Overheating at 80?

Checked out there website, and I am very interested in buying some. After 24 miles of Cokering, I was cramping so severly that when I dismounted, my legs locked up. I have always had cramping problems, had a similiar experience in last years Wolfman Duatholon. It seems I can order online from Canada, or order from one of the retailers in TX. Seems like there are more retailers in TX then the rest of the United States combined.

Bugman, before you spend lots of money try bananas. They are natures “anti-cramp.” If you eat them on a regular basis and especially before, during, and after rides with lots of water the cramps should be prevented. It’s all about potassium. Banana’s are like potassium factories. Water helps as well, of course.

Re: Overheating at 80?

ChangingLINKS.com” <ChangingLINKS.com@NoEmail.Message.Poster.at.Unicyclist.com> writes:

> I know that it is way off-topic and such, but I (for one) am deeply
> interested in hearing more about these events. At least point me to some
> websites or forums, etc. please.

How about a book? John Annerino’s Running Wild is a good read,
covering an remarkable physical and spiritual journey starting with a
crippling climbing fall and culminating in a self supported 250 mile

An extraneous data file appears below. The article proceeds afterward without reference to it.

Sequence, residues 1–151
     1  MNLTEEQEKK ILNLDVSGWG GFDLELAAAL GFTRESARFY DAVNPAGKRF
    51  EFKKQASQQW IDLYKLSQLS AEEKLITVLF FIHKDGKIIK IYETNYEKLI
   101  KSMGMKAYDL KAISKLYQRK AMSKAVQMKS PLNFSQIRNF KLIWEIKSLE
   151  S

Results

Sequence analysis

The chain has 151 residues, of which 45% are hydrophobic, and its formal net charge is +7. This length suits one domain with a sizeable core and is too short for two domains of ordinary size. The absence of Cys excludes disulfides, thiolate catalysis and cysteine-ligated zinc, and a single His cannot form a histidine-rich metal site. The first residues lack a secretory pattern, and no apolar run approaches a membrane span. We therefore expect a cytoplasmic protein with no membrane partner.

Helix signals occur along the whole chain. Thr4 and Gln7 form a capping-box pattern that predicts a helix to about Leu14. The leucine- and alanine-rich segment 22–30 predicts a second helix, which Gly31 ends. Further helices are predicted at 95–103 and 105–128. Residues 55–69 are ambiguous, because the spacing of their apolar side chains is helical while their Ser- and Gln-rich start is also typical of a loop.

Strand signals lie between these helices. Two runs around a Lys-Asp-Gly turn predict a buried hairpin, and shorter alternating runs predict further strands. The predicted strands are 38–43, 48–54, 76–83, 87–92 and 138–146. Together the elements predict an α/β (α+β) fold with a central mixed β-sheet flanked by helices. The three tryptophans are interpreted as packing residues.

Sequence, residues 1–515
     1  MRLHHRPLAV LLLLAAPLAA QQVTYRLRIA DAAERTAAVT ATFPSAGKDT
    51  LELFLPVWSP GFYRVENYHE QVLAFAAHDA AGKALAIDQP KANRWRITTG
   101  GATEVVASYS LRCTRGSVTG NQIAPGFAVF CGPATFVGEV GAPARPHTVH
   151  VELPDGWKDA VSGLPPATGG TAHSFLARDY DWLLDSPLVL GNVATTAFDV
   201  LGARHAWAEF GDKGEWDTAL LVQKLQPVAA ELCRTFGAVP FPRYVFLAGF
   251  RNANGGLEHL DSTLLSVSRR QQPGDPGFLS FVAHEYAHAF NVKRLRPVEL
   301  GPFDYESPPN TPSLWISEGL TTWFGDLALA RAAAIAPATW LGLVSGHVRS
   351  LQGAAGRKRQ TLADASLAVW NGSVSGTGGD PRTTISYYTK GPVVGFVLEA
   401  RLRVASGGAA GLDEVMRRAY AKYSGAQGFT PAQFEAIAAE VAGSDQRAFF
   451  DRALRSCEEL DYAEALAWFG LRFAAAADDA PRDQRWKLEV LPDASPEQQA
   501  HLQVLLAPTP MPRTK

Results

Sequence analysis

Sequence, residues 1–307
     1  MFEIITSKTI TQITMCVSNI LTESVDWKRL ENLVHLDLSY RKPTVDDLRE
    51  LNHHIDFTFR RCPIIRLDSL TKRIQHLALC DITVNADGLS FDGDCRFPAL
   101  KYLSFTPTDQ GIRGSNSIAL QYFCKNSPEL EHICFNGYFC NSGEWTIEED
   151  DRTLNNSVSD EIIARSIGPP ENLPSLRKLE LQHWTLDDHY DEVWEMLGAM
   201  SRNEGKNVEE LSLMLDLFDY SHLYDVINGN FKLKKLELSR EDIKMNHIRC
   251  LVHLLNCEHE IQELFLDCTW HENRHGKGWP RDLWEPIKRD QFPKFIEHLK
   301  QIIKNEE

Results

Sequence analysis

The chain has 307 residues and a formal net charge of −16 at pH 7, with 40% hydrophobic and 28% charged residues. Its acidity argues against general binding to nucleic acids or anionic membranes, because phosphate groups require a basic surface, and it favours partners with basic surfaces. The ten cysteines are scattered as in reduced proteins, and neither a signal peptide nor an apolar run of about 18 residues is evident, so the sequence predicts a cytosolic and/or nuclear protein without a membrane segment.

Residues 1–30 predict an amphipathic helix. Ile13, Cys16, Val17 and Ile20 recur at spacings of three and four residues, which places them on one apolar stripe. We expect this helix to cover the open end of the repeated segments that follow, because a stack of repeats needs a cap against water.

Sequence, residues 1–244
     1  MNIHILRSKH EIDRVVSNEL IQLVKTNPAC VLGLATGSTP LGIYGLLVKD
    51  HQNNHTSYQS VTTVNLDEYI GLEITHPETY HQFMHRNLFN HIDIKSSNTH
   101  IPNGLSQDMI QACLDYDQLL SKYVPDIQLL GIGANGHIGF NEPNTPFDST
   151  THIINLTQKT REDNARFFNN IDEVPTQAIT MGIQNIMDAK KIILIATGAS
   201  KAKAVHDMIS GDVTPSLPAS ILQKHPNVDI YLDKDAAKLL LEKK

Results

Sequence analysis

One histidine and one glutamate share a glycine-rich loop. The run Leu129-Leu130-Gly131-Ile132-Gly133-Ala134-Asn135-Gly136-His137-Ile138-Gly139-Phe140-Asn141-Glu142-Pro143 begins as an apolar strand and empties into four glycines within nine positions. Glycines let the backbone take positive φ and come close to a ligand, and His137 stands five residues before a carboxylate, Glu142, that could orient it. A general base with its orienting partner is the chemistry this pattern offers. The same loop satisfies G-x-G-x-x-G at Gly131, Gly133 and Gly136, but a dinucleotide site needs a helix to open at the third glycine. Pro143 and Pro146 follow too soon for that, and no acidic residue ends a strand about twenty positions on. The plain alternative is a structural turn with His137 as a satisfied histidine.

run along the rim of the Grand Canyon. Packed with challenges
including supplies, heat, cold, and routefinding. Well worth checking


I have had that problem about one time.
My uni hit a bump and when I tried to use my stomach muscles to recover, my STOMACH MUSCLES LOCKED UP! I was sooo surprised - I didn’t know . . . .
I could not stand. I had to lay face down in the dirt.
Onefiftyfour left me for dead! :o

The cause:
I was on a very strict diet and severely dehydrated (lost 7 pounds in 2 days).

I like doing that diet -
Anyone know of a product where I can get the anti-cramp attributes and electrolytes without calories?

If you are doing things where you need anti-cramp and electorlytes than you ALSO need calories. Otherwise your body is going to eat your muscles instead. To some extent electorlytes ARE calories, such as sugar etc. Hopefully no such product exists as it would be dangerous.

Stick with sports drinks if you’re set on starve yourself dieting, they’ll at least keep your brain functioning. You’re brain runs on sodium/potassium pumps (Na/K) so when you run low on that you get light headed and you’re thinking slows.

Frankly, your diets sound like suicide attempts to me. They aren’t healthy.

The two electrolyte salt tablets that I’ve seen are:
Lava Salts and E-Caps Endurolytes
They’re both pretty similar. A mix of sodium chloride and other electrolytes like potassium in some sort of magic ratio.